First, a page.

(310) 577-9775 (310) 450-4545 (310) 396-3105 (310) 396-8783 (310) 823-5396 (310) 399-5811 (310) 392-6161 (310) 396-5000 (310) 392-3997 (310) 314-0004 (310) 581-8305 (310) 314-3222 (310) 396-5353 (310) 399-0711 (310) 314-0882 (310) 827-8977 (310) 450-5119 (310) 821-6256 (310) 306-4862 (310) 314-2229 (310) 822-7373

Bistro Dining Steamed Mussels white wine, salsa verde


Mushroom Ravioli brown butter, parmesean, sage


Braised Short Ribs

MARINA DEL REY Beachside Cafe 4175 Admiralty Way C & O Cucina 3016 Washington Blvd. Cafe Del Rey 4451 Admiralty Way California Pizza Kitchen 3345 Fiji Way Casa Escobar 14160 Palawan Way Chart House 13950 Panay Way The Cheesecake Factor 4142 Via Marina Chin Chin 13455 Maxella Ave Ste 266 Chipotle Mexican Grill 4718 Admiralty Way Harbor House Restaurant 4211 Admiralty Way Islands 404 Washington Blvd Jer-ne at The Ritz-Carlton 4375 Admiralty Way Kaya Sushi 13400 Washington Blvd. Kifune Restaurant 405 Washington Blvd Le Marmiton 4724 Admiralty Way Mercedes Grille 14 Washington Blvd Mermaids-Juice Java & More 14045 Panay Way Rainbow Acres Natural Foods 4756 Admiralty Way Sapori Ristorante 13723 Fiji Way Tony P's 4445 Admiralty Way Tsuji No Hana 4714 Lincoln Blvd The Warehouse Restaurant 4499 Admiralty Way

shallot potatoes, asparagus

(310) 821-5313 (310) 301-7278 (310) 823-6395 (310) 301-1563 (310) 822-2199 (310) 822-4144 (310) 306-3344 (310) 823-9999 (310) 821-0059 (310) 577-4555 (310) 822-3939 (310) 823-1700 (310) 577-1143 (310) 822-1595 (310) 773-3560 (310) 827-6209 (310) 306-3883 (310) 823-5373 (310) 821-1740 (310) 823-4534 (310) 827-1433 (310) 823-5451


BRENTWOOD Barney's Hamburgers 11660 San Vicente Blvd. Chez Mimi Restaurant 246 26th St Chin Chin 11740 San Vicente Blvd. Coral Tree Cafe 11645 San Vicente Blvd. Harvest Restaurant 13018 San Vicente Blvd. Literati II 12081 Wilshire Blvd. Enzo and Angela 11701 Wilshire Blvd. Trattoria Amici 2538 San Vicente Blvd

(310) 447-6000 (310) 393-0558 (310) 826-2525 (310) 979-8733 (310) 458-6050 (310) 479-3400 (310) 477-3880 (310) 826-4888

WEST LA Anna's Italian Restaurant 10929 Pico Blvd. Aphrodisiac 10351 Santa Monica Blvd. The Apple Pan 10801 W. Pico Blvd. Awash Restaurant 5990 Pico Blvd. Bombay Cafe 12021 W. Pico Blvd. Carmine's II Caffe 10463 Santa Monica Blvd. Colony Cafe 10937 W. Pico Blvd. En Sushi 11651 Santa Monica Blvd. DiVita's 11916 Wilshire Blvd. Feast From the East 1949 Westwood Blvd. Gaby’s Mediterranean 10445 Venice Blvd.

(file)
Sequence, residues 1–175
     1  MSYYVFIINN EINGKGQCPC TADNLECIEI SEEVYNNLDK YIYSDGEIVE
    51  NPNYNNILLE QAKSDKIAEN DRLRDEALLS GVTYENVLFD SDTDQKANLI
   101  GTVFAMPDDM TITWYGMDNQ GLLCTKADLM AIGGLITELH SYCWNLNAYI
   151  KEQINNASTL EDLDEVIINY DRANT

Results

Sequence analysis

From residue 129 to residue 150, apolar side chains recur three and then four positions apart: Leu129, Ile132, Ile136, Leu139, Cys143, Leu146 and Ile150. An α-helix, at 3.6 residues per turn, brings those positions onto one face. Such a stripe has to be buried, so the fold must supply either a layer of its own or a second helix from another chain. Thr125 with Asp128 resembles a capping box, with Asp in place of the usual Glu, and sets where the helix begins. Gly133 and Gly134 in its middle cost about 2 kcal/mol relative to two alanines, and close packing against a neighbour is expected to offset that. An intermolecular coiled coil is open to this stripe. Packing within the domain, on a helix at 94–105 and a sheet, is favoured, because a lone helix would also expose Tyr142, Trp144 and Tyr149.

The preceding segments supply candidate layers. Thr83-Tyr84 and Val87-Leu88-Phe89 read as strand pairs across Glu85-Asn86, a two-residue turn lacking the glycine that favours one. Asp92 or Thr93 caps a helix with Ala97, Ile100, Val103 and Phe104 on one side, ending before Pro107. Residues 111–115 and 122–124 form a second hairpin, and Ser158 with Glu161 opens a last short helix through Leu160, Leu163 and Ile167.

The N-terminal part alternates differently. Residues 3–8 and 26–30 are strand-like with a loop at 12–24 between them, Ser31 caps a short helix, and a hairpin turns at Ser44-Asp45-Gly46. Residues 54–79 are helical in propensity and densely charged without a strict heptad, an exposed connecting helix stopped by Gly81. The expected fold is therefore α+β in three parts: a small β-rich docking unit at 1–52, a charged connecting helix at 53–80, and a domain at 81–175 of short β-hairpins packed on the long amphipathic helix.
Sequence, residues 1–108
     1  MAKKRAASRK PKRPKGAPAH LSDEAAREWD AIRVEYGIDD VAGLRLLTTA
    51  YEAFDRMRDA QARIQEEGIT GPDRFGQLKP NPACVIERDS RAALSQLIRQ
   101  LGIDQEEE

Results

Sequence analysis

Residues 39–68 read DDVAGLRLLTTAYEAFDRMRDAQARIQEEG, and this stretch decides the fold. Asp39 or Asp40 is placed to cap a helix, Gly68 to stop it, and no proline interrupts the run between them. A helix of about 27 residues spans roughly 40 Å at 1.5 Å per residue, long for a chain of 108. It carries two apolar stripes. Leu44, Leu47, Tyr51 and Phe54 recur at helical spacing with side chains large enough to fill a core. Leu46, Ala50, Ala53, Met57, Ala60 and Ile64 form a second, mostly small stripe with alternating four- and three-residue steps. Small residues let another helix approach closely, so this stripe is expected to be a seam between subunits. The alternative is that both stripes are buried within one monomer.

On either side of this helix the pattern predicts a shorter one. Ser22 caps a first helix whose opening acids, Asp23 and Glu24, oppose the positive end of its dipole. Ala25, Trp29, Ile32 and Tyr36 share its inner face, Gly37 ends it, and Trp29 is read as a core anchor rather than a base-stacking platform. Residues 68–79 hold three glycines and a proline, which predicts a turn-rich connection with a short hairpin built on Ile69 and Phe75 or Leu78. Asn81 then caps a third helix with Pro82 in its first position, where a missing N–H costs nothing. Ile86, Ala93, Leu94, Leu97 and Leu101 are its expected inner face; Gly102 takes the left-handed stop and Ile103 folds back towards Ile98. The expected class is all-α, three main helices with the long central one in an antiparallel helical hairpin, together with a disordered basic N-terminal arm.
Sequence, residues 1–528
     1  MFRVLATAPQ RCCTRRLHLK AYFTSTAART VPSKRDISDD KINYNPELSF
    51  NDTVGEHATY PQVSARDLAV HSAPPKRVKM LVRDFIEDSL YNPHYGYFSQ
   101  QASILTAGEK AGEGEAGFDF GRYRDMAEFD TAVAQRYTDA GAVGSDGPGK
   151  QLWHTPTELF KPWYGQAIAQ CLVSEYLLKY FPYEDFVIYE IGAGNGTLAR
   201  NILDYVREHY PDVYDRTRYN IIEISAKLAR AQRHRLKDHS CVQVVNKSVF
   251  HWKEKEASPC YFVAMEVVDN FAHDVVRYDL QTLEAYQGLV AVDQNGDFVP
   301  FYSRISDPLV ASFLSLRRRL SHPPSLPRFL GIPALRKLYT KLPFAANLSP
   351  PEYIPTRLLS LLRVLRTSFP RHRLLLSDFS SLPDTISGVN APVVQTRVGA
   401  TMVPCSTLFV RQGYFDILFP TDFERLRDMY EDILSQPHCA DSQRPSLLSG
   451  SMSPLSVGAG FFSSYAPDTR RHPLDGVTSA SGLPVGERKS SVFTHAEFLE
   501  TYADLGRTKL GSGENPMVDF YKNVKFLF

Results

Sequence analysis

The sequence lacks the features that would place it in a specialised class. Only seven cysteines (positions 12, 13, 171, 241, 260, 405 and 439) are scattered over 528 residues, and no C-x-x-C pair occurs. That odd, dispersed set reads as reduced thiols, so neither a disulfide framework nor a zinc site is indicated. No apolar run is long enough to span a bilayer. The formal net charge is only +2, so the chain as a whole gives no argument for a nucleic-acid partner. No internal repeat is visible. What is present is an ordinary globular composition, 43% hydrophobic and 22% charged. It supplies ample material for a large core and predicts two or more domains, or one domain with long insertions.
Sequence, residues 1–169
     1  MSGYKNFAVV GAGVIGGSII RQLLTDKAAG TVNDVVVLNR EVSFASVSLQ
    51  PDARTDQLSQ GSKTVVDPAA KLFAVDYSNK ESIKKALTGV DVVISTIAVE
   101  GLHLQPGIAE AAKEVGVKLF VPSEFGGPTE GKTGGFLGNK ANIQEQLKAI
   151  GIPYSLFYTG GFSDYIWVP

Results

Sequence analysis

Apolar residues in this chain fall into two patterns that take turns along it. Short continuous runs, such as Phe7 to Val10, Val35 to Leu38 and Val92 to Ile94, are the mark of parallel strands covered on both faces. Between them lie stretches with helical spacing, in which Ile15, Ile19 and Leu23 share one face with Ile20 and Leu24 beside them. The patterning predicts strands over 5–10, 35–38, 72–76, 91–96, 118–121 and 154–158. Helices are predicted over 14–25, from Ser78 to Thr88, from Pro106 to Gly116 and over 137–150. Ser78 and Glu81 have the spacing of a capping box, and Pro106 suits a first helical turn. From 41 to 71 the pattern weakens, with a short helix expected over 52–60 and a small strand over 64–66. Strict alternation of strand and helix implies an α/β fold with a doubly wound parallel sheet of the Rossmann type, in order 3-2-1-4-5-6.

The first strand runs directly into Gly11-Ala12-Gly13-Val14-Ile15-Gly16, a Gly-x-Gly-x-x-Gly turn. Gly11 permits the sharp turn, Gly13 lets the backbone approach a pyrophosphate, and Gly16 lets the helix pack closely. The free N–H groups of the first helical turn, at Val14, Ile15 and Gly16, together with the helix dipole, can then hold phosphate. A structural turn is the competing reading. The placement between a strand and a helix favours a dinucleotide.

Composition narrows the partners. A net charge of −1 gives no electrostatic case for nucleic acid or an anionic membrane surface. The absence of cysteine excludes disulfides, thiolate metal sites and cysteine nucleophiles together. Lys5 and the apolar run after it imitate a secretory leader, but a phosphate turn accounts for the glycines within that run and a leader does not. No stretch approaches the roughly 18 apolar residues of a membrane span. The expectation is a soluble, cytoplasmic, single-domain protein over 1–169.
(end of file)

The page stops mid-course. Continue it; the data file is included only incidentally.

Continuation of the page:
(310) 474-0102 (310) 470-0792 (310) 475-3585 (323) 939-3233 (310) 473-3388 (310) 441-4706 (310) 470-8909 (310) 477-1551 (310) 478-0286 (310) 475-0400 (310) 559-1808

Jared Simons Voted one of LA’s hottest chefs –

HAMLET RESTAURANT Hamlet Restaurant & Bar offers a wide selection of fresh fare and an expanded wine list. Dishes such as the California Market Salad, Spice Crusted Ahi, Southern Crab Cakes and Grilled Chicken Caprese Sandwich are just a few of their new menu additions! 2927 S. Sepulveda Blvd.

(310) 478-1546

Il Grano 11359 Santa Monica Blvd. John O'Groats 10516 Pico Blvd. Kay 'n Dave's Cantina 10543 Pico Blvd. Melanee Thai Restaurant 9562 Pico Blvd. Ramayani 1777 Westwood Blvd. Shanghai Diamond Garden 9401 Pico Blvd. Sisley Restaurant 10800 Pico Blvd. Sushi Masu 1911 Westwood Blvd. Torafuku Restaurant 10914 W. Pico Blvd. Upstairs 2 2311 Cotner Ave. Versailles Restaurant 10319 Venice Blvd. Wakasan 1929 Westwood Blvd. The Wine House 2311 Cotner Ave.

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Follow the leader Stock markets rise worldwide after Federal Reserve cuts key American interest rates BY TOBY ANDERSON I AP Business Writer LONDON European and Asian stock markets rallied Wednesday in the wake of Wall Street’s surge spurred by the U.S. Federal Reserve’s larger-than-expected interest rate cut. Key market indicators rose 3 percent in France and more than 2 percent in Britain and Germany after even bigger gains in Japan and Hong Kong. Investors cheered the Fed’s decision on Tuesday to cut its benchmark interest rate by a half percentage point to 4.75 percent, a move aimed at keeping problems in the mortgage market from causing a recession in the U.S. economy. “They did the right thing,” Joseph Han, a strategist at Daewoo Securities Co. in Seoul, said of the Fed’s aggressive cut. Many analysts expected a quarter-point reduction in the fed funds rate. After Tuesday’s rate cut, the Dow Jones industrial average posted its biggest one-day point gain in nearly five years — a surge of 335.97 points. In afternoon trading Wednesday, the index gained another 81.37 points to 13,820.76. Britain’s benchmark FTSE 100 rose 2.8 percent to 6,460.00. Germany’s DAX gained 2.3 percent to 7,750.84 and France’s CAC-40 climbed 3.3 percent to 5,730.82. Earlier in Asia, Japan’s benchmark Nikkei 225 stock index soared 579.74 points, or 3.7 percent, to close at 16,381.54 points, marking its biggest point gain in more than five years. Hong Kong’s Hang Seng index jumped